Football fans lapped up Football Manager, relishing their chance to become boss of their favourite team – except for the supporters of one particular club. “Over the years, Southampton fans have given me so much grief!” bemoans Toms. The reason? The original versions of Football Manager failed to include the south coast club. As was common at the time, memory dictated everything. “The amount of text in the names of players and teams was critical. So the reason Southampton wasn’t there was because the name was too long, and it didn’t shorten very well. Everything in the original design was brutally pared down to work in the small memory. The transfer market is very lean and mean, but it works very well.”
The randomisation of player skills at the end of each season also frustrated some players, especially when they witnessed their star player suffering a colossal loss of form. It was another memory-based decision by Toms. “It was the most efficient way I could keep the game’s challenge going. Obviously, you built a better squad over time – but it was important to me that it didn’t become boring.”
As with the ZX81, Sinclair transformed the market again in 1982 with its follow-up, the ZX Spectrum. Blessed with a ‘massive’ 48K of memory, the release of the popular computer compelled the bricks and mortar stores to take notice of the computer game phenomenon. Toms, still part-time, acknowledges this was another turning point. “I finally went full time at the beginning of 1983 – all because of Spectrum orders from WH Smith.”
Football Manager had finally hit the premier division, sitting on shop shelves up and down the country, Toms’ beaming face greeting potential customers. “Ha!” he grins when I mention this. “I had to do a new cover for Smith’s. And over time, I’d been demonstrating the game to people at trade fairs – when you told them you wrote the game, they’d get all animated and intrigued. And I saw a connection between computer games and books and music. Who cares that EMI is publishing a band? All people care about is the band.” The result was the Kevin Toms fizzog proudly displayed on every copy of Football Manager. “I thought, this is good enough, I’ll put my face on it. Then it just took off and became this thing. I never understood why others didn’t do it.”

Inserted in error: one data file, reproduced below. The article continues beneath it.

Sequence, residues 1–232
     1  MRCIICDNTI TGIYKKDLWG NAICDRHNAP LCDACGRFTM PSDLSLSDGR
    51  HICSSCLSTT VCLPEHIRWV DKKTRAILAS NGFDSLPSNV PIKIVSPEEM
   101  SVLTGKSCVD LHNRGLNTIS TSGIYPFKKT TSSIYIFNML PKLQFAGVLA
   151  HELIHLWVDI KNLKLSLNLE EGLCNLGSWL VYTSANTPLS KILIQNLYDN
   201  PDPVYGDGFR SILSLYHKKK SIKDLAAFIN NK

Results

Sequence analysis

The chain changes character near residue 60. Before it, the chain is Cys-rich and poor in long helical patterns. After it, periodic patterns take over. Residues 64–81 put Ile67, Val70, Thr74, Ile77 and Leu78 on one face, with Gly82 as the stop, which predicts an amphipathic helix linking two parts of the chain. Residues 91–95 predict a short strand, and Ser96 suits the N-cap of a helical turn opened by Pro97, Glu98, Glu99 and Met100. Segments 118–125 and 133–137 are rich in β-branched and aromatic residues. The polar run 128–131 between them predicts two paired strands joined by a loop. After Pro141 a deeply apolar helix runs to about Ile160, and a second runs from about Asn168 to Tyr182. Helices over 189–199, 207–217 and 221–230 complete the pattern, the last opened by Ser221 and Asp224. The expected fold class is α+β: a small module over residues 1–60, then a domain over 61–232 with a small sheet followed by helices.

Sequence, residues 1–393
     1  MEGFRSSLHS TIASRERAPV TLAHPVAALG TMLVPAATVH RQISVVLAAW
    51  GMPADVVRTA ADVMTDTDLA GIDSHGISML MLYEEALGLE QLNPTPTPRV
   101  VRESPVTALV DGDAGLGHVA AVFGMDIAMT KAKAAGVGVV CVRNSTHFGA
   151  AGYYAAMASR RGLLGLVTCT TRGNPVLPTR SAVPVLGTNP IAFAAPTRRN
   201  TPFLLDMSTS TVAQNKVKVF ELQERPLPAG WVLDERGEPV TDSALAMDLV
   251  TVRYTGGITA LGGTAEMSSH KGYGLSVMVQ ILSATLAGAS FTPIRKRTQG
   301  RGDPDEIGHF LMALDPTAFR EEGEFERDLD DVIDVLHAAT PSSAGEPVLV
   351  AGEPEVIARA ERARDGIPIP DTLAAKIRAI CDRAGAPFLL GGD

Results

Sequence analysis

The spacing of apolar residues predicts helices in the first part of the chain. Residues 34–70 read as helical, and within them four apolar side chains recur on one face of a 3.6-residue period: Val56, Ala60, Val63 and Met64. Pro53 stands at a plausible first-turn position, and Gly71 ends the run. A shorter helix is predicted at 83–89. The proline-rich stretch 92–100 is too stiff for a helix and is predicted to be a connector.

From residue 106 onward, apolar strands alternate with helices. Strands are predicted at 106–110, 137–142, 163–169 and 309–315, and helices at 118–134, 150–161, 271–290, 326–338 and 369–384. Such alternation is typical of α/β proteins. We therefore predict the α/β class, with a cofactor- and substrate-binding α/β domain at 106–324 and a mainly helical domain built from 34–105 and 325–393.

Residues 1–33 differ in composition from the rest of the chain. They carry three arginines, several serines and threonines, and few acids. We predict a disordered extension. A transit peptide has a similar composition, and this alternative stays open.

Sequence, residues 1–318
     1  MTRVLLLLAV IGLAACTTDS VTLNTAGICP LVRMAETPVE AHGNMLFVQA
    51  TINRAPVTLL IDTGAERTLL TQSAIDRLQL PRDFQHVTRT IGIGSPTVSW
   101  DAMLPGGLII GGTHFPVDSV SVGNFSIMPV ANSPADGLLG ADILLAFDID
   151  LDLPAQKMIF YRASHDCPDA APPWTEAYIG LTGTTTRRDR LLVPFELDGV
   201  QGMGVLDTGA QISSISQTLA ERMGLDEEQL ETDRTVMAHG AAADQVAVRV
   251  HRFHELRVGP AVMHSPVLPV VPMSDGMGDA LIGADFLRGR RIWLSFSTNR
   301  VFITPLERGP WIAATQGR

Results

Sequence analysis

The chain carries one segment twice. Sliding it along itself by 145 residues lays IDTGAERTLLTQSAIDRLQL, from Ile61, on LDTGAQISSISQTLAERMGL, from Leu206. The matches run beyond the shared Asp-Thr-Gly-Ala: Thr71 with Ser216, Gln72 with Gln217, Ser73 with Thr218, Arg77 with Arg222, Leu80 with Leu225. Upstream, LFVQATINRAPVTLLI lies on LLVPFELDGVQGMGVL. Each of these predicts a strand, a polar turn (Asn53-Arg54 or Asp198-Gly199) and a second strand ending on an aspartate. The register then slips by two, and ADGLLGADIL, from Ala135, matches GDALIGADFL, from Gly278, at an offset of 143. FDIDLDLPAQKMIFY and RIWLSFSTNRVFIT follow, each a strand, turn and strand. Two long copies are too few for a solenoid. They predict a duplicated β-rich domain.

The increased memory of the Spectrum finally allowed Toms to incorporate visuals into his masterpiece, which greatly helped sales. While blocky and basic, even for 1982, the match screen emphasised the excitement of seeing a game play out. “Some people are convinced that when the men are in a certain position, they know what’s going to happen,” grins Toms. “But that’s not true – the game works it out as it happens. If you repeated certain moves, people would very quickly recognise that.”
As Addictive Games became Toms’ full-time focus, more games appeared, such as Software Star and President. But behind it all, Football Manager bubbled away, meandering up and down the charts like the team Toms infamously left out of the initial versions.
Copycats were rife, and by the time Addictive released Football Manager 2, the competition was fierce. Nevertheless, it was still a decent seller, no doubt helped by the legendary status of its forebear.
Burned out, like so many, by the frantic software industry of the 80s, Toms left games behind as he discovered a love of travel, working as a software developer in New Zealand, Canada, Germany and, finally, Holland.
However, in 2015, the enduring popularity of Football Manager compelled him to create a new game, Football Star Manager. With its simple graphics, it most resembles the ZX Spectrum version and includes the same captivating gameplay that has proved so, well, addictive, over the years. Today, Toms is busy working on another update called Football New Manager, building a platform that he hopes will evolve long-term.
Yet it was that original, released 40 years ago, where it all started, players gathered around a TV screen as they attempted to bring footballing glory to their team. The gameplay may have changed and become more complex with the many games in this genre that have appeared since, but that uncomplicated and fundamental appeal never dims.
“It’s kinda why I still feel I’ve got something to contribute, actually,” notes Toms as our conversation ticks into injury time. “I think [these games] haven’t really changed very much, and a lot of things have gone in a direction which is not appealing to me – which is detail. I don’t like lots and lots of stats. I prefer a more subtle depth.”
It’s that core simplicity of Football Manager that ensures it still appeals to so many today. “The connection for me was that I created something entertaining,” concludes Toms. “And I think the important thing, the emotional highs and lows from following your team, are captured perfectly.”